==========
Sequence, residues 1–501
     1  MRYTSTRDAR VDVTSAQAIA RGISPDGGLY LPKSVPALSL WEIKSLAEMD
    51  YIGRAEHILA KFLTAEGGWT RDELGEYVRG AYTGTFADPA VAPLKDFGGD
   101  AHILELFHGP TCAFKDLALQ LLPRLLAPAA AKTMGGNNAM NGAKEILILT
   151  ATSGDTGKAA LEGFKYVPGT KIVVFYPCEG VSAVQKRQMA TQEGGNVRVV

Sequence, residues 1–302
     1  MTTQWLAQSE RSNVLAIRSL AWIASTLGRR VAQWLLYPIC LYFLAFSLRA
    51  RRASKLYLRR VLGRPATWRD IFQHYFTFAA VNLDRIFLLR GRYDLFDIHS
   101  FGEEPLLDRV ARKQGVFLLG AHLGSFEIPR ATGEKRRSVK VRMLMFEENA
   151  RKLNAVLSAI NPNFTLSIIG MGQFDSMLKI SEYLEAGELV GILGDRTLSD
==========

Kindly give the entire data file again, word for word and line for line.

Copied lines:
Sequence, residues 1–501
     1  MRYTSTRDAR VDVTSAQAIA RGISPDGGLY LPKSVPALSL WEIKSLAEMD
    51  YIGRAEHILA KFLTAEGGWT RDELGEYVRG AYTGTFADPA VAPLKDFGGD
   101  AHILELFHGP TCAFKDLALQ LLPRLLAPAA AKTMGGNNAM NGAKEILILT
   151  ATSGDTGKAA LEGFKYVPGT KIVVFYPCEG VSAVQKRQMA TQEGGNVRVV

Sequence, residues 1–302
     1  MTTQWLAQSE RSNVLAIRSL AWIASTLGRR VAQWLLYPIC LYFLAFSLRA
    51  RRASKLYLRR VLGRPATWRD IFQHYFTFAA VNLDRIFLLR GRYDLFDIHS
   101  FGEEPLLDRV ARKQGVFLLG AHLGSFEIPR ATGEKRRSVK VRMLMFEENA
   151  RKLNAVLSAI NPNFTLSIIG MGQFDSMLKI SEYLEAGELV GILGDRTLSD